Sherman's March to the Sea: Summary, Facts & Timeline

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  • 0:01 Major General Sherman
  • 0:19 The War in 1864
  • 1:29 The Atlanta Campaign
  • 4:00 The March to the Sea
  • 7:14 The Carolinas Campaign
  • 7:59 Lesson Summary
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Lesson Transcript
Instructor: Daniel Vermilya
During Sherman's 1864 March to the Sea, Major General William T. Sherman moved his army across the state of Georgia, destroying Confederate war resources and significantly damaging the Confederacy's ability to wage war.

Major General William Tecumseh Sherman

To this day, the name William Tecumseh Sherman is greeted with an uneasy feeling in southern portions of the United States, especially in the state of Georgia. Why is it that this native Ohioan is so despised in the South?

The War in 1864

By 1864, the American Civil War was entering its fourth year. Hundreds of thousands of men on both sides had already died, and it did not appear as though an end was in sight. Yet in 1864, something was quite different: Union forces would all be on the same page. Ulysses S. Grant was named a Lieutenant General and given command of all Union forces. This meant that Sherman would take over Grant's former command of the Military Division of the Mississippi.

Grant and Sherman had been friends for several years, working closely together in the Western Theater. Each man had experienced failure in the years before the Civil War, and their success at Shiloh and Vicksburg in 1862 and 1863 cemented their partnership, making them an ideal fit for working together in 1864. Early that year, Grant and Sherman met to discuss strategy for the upcoming campaigns. They each agreed that simultaneously moving in at the East and West would severely hurt the Confederacy. Also, they agreed that damaging Confederate war resources on top of attacking the Confederate armies was the best way to bring the war to a quick end. Sherman would exemplify this in the upcoming year.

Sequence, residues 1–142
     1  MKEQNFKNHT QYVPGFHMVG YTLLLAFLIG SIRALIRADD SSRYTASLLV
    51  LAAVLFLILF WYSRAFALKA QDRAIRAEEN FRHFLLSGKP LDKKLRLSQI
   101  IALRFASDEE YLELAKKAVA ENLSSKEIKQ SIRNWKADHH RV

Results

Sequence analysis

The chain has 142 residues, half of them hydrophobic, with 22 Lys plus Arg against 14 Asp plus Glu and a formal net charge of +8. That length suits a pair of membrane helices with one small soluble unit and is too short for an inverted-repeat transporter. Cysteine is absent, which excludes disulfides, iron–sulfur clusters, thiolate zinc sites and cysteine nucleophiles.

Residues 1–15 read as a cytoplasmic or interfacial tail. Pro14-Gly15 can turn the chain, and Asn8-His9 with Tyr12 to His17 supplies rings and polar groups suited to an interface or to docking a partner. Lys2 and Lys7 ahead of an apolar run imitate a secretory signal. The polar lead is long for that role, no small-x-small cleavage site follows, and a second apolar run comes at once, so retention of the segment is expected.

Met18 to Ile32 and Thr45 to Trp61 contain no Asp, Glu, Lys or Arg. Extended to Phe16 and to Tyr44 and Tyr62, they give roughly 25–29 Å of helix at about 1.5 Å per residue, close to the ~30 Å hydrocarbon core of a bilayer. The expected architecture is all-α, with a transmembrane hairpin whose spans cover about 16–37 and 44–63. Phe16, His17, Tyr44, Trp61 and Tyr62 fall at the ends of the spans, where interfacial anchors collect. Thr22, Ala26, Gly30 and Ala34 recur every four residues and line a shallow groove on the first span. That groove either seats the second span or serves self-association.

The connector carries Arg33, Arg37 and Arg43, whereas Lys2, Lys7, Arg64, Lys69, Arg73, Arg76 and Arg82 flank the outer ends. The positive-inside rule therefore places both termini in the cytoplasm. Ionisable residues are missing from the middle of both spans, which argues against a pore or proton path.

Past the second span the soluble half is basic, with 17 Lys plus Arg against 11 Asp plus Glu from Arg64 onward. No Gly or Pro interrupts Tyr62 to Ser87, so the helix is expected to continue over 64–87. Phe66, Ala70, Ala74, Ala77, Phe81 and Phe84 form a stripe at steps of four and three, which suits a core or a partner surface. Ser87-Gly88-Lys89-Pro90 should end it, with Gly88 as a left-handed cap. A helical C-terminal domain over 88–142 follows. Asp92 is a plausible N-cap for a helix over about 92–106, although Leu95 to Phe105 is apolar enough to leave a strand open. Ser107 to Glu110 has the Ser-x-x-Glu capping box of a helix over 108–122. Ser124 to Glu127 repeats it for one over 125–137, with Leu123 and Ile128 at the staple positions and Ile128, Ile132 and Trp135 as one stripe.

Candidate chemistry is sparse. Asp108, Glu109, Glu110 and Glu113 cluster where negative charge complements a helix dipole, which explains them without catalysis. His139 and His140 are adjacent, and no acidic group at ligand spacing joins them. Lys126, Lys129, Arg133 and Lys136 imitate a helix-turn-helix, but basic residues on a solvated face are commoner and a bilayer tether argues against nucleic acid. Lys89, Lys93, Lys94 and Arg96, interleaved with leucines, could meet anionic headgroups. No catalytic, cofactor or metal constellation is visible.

The Atlanta Campaign

While Sherman's March to the Sea is emblazoned in memory and myth as a key event in the war, before he could march to Savannah, Sherman first had to go through Atlanta. In May 1864, Sherman began his grand campaign for Atlanta. His goals were to operate against the Confederate Army of the Tennessee, led by General Joseph Johnston, and damage the Confederacy's ability to wage war. Atlanta's status as a booming town and a rail hub for the Confederacy made it a crucial target that Johnston's army had to defend.

For several weeks, Sherman and Johnston played an elaborate game of chess in Northern Georgia. Johnston would establish his army on formidable defensive ground, trying to fight a defensive battle. In response, Sherman would outflank Johnston, moving around the Confederate army in an attempt to push closer to Atlanta.